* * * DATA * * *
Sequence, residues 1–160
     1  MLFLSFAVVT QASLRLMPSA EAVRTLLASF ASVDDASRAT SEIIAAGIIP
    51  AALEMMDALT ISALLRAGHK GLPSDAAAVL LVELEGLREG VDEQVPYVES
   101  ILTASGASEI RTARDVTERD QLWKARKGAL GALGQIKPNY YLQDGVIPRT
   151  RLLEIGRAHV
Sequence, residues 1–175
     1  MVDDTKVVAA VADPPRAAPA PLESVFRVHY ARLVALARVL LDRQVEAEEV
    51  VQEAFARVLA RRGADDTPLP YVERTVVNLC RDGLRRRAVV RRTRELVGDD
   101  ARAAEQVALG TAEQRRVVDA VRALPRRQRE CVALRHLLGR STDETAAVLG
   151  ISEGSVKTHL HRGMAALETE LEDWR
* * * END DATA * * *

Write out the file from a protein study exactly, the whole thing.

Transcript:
Sequence, residues 1–160
     1  MLFLSFAVVT QASLRLMPSA EAVRTLLASF ASVDDASRAT SEIIAAGIIP
    51  AALEMMDALT ISALLRAGHK GLPSDAAAVL LVELEGLREG VDEQVPYVES
   101  ILTASGASEI RTARDVTERD QLWKARKGAL GALGQIKPNY YLQDGVIPRT
   151  RLLEIGRAHV
Sequence, residues 1–175
     1  MVDDTKVVAA VADPPRAAPA PLESVFRVHY ARLVALARVL LDRQVEAEEV
    51  VQEAFARVLA RRGADDTPLP YVERTVVNLC RDGLRRRAVV RRTRELVGDD
   101  ARAAEQVALG TAEQRRVVDA VRALPRRQRE CVALRHLLGR STDETAAVLG
   151  ISEGSVKTHL HRGMAALETE LEDWR